Companies

Bajaj Auto sees better days after Nigeria foreign exchange reform

Pronoy Nath Banerji Hiral Desai | Updated on January 20, 2018

RAKESH K SHARMA, president - International Business, Bajaj Auto














The Nigerian central bank has removed a 16-month peg and allowed local currency naira to be determined by market forces from June 20. Some of the Indian companies that have been exporting their products to Nigeria are closely watching the movements in the foreign exchange market and the possible implications on their exports. Speaking to Bloomberg TV India, Bajaj Auto’s president for International Business Rakesh K Sharma says the free-float move may weaken the naira, but over a period of time it will help the company. He expressed confidence that the company will be able to post results that will be in line with its guidance.



How will the Nigerian policy change impact your company?

Nigeria is a very large market for us. On an average, we export about 40,000 motor cycles and 4,000 three-wheelers per month to Nigeria. Contrary to the perception that the move by the Nigerian central bank is causing jitters to India Inc, it is a very welcome move. The problems started around October or November last year. Although there was an official exchange rate, which was pegged earlier at 150 and then 199 naira to a dollar, in reality there was no foreign exchange available at those rates. So the entire international trade, particularly imports to Nigeria, was being funded through sourcing from the parallel market. And the parallel market had already slid down to 280-350 naira to a dollar. So Bajaj Auto has been living with this issue since December. And we had a difficult time.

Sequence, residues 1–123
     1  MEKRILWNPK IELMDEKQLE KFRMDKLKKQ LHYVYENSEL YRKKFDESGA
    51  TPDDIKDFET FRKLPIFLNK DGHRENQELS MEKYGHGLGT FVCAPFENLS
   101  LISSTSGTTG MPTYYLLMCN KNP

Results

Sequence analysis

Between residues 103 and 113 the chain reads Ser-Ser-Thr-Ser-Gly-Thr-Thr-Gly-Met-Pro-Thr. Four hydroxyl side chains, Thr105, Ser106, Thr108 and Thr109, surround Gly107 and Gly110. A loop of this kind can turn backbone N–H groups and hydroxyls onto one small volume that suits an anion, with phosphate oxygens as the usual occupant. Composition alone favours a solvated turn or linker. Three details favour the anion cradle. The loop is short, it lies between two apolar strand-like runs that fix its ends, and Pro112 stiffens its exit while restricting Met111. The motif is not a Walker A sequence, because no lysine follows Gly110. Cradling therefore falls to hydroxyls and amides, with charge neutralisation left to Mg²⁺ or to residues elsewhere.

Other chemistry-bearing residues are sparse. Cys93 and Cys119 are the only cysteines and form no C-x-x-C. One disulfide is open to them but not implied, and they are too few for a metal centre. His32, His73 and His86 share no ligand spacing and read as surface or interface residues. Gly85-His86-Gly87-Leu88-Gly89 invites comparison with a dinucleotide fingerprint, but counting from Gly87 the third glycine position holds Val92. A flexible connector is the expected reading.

But the markets have got adjusted to the new normal of retail pricing. So, in our opinion, this is a very welcome step because it is going to close the gap between the official and the parallel Fx market and remove uncertainties. It is going to set up the stage in medium term to enable investors to bring in dollars to Nigeria. As a result of which, foreign exchange will be easily available. So we are looking at a much better prospect in the next six months. We feel the worst is behind us.



Will you benefit after the narrowing of the naira rates in the official and parallel markets?

Foremost, I think the exchange rate is going to probably cross 300 naira to a dollar. That is the general consensus of the bankers and various stake holders over there. As far as our retail pricing is concerned, we were already operating at that level of the exchange rate because that is what the parallel market was operating on. Business has come down as the retail prices have increased. And that has impacted demand and our sales in Nigeria over the last few months. So that impact is already being borne by us.

Over and above this, there is always the uncertainty of managing the supply chain under the volatile circumstances of the foreign exchange. While I do not expect the naira to strengthen, I also do not expect the price architecture to change. But I definitely expect a better view and transparency in terms of the availability of the dollars and that helps any company plan its business better.



Will we see a tweak in your sales guidance after the naira move?

For the international business, we are staying with the guidance. The environment is pretty restless in many countries. I would not go ahead and say we will do better or worse. I am pretty confident we will be able to come up with the numbers we have guided on.



Published on June 17, 2016

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